Anna J. Egalite :
(From previous issue)
The main drawback of the Promise Neighborhoods model is its high cost. To cover the expenses of running the Promise Academy Charter School and the afterschool and wraparound programs, the HCZ spends about $19,272 per pupil. While this price tag is about $3,100 higher than the median per-pupil cost in New York State, it is still about $14,000 lower than what is spent by a district at the 95th percentile. If future research can demonstrate that the HCZ positively influences longer-term outcomes such as college graduation rates, income, and mortality, the model will hold tremendous potential that may well justify its costs.
Early childhood education
Early childhood programs can provide a source of enrichment for needy children, ensuring them a solid start in a world where those with inadequate education are increasingly marginalized. Neuroscientists estimate that about 90 percent of the brain develops between birth and age 5, supporting the case for expanded access to early childhood programs. While the United States spends abundantly on elementary and secondary schoolchildren ($12,401 per student per year in 2013-14 dollars), it devotes dramatically less than other wealthy countries to children in their first few years of life.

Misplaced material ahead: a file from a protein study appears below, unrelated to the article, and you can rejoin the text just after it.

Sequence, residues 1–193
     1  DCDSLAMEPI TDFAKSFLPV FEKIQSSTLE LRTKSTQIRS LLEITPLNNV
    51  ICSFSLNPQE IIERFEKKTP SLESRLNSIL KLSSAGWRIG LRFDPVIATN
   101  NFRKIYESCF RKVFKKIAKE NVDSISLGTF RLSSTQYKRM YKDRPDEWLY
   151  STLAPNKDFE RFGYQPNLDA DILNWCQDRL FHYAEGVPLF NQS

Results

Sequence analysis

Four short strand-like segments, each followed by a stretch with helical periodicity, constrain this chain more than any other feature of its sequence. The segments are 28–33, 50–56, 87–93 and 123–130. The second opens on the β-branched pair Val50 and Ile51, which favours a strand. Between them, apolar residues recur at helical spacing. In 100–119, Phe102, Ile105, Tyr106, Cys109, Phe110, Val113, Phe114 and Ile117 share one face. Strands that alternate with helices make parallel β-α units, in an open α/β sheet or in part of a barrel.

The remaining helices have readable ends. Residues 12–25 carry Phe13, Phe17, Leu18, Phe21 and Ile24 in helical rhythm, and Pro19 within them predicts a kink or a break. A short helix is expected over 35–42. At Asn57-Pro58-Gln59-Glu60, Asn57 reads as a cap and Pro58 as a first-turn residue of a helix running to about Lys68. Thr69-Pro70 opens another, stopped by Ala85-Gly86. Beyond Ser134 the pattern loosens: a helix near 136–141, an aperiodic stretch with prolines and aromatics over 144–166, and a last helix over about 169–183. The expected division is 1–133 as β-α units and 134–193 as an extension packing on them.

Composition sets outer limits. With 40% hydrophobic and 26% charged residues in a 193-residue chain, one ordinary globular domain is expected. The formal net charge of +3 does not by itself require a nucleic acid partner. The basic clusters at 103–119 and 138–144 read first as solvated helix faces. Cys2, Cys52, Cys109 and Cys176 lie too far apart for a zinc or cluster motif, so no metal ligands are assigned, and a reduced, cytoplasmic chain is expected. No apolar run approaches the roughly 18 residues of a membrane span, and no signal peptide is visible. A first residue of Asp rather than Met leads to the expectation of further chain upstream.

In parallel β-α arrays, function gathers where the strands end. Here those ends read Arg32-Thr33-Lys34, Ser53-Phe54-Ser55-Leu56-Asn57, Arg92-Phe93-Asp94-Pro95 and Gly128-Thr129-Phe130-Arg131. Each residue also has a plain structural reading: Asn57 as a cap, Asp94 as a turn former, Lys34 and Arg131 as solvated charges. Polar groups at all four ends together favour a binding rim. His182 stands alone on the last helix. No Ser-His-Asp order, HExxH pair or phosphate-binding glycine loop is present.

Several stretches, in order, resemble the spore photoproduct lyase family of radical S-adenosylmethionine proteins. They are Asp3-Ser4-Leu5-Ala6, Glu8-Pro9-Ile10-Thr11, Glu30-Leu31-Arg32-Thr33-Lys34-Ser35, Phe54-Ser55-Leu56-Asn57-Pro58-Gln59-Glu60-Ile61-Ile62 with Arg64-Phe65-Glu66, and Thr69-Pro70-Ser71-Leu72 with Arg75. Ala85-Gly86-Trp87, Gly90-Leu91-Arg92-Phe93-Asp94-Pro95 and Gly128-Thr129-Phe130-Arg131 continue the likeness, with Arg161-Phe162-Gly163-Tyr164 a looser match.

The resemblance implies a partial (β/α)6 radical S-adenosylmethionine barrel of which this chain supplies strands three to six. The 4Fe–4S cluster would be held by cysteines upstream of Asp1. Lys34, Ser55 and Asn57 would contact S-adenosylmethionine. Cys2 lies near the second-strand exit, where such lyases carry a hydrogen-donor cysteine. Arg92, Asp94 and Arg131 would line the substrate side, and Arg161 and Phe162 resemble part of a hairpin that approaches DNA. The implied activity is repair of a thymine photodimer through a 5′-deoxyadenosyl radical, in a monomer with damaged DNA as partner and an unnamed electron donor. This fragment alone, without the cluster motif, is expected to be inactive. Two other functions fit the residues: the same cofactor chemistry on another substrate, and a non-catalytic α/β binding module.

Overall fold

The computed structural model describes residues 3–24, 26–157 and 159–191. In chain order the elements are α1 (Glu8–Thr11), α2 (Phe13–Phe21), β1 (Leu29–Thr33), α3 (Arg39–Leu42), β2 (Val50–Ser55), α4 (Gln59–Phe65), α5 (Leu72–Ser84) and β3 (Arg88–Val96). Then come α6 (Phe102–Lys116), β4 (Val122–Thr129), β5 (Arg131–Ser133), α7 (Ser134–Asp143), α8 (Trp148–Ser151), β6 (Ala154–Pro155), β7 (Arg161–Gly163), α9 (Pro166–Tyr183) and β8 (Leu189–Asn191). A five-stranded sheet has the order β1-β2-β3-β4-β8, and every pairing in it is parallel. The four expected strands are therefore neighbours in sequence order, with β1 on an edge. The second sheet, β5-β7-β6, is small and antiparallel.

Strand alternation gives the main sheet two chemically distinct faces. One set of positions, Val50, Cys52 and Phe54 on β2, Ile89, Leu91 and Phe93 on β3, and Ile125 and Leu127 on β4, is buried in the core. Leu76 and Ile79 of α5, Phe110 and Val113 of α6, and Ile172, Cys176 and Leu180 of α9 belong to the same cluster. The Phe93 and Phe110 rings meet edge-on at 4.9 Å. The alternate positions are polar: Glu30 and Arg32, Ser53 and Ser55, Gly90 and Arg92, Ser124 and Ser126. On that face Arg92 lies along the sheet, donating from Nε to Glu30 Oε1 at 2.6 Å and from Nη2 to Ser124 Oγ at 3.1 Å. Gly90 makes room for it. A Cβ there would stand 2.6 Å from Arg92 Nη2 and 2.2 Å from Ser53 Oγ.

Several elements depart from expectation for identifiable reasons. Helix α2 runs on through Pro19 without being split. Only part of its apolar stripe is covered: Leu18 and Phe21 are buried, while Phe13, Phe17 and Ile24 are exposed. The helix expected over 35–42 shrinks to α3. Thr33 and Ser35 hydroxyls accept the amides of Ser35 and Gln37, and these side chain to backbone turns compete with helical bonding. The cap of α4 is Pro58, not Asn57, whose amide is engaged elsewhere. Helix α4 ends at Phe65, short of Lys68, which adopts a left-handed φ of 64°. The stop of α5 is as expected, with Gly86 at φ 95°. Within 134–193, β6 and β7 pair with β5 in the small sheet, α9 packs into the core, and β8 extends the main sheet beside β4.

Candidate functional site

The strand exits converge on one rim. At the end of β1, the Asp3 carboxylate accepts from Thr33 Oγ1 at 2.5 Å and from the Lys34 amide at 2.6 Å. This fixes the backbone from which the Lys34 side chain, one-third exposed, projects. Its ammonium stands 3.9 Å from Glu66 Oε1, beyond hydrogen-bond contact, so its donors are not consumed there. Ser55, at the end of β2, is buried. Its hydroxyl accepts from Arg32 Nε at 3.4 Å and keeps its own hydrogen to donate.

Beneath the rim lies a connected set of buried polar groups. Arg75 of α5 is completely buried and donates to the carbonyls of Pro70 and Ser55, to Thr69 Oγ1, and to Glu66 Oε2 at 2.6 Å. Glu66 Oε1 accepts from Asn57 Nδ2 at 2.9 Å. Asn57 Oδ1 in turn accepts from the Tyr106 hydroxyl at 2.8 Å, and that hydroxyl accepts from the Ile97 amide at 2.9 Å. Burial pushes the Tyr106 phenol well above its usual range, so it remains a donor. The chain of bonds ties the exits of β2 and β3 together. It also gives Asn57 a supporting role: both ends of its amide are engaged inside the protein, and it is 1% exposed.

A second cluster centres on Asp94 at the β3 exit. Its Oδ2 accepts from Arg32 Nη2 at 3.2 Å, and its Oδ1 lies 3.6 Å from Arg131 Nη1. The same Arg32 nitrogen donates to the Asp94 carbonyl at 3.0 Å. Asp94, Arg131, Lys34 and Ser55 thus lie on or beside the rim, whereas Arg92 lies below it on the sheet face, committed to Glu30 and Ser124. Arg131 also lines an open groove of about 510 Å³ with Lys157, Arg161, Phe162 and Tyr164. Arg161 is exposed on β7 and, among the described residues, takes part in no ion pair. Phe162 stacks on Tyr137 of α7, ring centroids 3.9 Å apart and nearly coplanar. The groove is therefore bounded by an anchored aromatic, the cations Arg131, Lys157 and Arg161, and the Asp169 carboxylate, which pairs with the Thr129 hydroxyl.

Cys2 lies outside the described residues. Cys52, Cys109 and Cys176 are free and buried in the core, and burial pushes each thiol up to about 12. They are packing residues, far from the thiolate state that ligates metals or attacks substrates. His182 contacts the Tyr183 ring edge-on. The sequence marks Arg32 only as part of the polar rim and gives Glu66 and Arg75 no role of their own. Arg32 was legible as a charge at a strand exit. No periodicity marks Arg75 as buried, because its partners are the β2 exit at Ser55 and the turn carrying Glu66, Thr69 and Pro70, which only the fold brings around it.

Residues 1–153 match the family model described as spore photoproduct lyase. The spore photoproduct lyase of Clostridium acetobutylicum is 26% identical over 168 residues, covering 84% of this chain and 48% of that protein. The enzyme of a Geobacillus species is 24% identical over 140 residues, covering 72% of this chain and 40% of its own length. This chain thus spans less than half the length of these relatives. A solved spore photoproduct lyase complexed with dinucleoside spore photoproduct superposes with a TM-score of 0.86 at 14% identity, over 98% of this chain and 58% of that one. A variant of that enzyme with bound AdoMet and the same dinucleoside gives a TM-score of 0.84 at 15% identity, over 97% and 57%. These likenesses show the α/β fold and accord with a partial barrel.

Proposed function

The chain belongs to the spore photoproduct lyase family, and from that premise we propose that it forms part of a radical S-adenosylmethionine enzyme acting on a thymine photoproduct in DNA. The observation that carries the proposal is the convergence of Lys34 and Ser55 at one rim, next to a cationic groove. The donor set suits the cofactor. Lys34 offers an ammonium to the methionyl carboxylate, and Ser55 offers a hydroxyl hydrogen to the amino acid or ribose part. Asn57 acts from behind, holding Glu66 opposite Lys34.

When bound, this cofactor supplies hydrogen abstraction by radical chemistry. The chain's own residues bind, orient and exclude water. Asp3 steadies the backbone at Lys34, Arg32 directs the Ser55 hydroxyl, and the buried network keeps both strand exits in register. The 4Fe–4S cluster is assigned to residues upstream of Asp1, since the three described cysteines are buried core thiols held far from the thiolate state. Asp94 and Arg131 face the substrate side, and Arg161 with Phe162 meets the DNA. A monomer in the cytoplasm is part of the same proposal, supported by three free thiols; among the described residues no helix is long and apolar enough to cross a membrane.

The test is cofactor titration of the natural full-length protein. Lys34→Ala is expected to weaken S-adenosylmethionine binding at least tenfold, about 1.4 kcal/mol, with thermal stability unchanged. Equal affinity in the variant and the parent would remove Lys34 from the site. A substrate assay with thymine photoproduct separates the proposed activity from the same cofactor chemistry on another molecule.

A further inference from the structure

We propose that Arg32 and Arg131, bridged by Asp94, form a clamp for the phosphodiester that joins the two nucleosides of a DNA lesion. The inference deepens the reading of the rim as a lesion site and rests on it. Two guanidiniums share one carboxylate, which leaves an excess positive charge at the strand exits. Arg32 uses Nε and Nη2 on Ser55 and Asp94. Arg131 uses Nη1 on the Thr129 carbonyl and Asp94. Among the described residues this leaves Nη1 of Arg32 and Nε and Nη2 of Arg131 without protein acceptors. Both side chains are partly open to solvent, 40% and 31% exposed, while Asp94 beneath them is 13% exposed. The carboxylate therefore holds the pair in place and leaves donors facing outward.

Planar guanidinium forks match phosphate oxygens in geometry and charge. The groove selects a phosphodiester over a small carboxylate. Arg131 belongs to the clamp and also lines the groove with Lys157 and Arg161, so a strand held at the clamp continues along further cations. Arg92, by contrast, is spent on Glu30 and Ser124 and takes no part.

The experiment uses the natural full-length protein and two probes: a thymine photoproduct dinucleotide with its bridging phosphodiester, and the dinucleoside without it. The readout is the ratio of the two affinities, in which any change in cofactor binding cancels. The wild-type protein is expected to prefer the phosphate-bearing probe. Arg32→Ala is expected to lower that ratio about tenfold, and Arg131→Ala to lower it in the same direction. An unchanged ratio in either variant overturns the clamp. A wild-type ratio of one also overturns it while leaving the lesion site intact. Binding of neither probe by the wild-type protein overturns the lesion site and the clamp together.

Four years before James Coleman released his report, a group of underprivileged, at-risk toddlers at the Perry Preschool in Ypsilanti, Michigan, were randomly selected for a preschool intervention that consisted of daily coaching from highly trained teachers as well as visits to their homes. After just one year, those in the experimental treatment group were registering IQ scores 10 points higher than their peers in the control group. The test-score effects had disappeared by age 10, but follow-up analyses of the Perry Preschool treatment group revealed impressive longer-term outcomes that included a significant increase in their high-school graduation rate and the probability of earning at least $20,000 a year as adults, as well as a 19 percent decrease in their probability of being arrested five or more times. Similar small-scale, "hothouse" preschool experiments in Chicago, upstate New York, and North Carolina have all shown comparable benefits.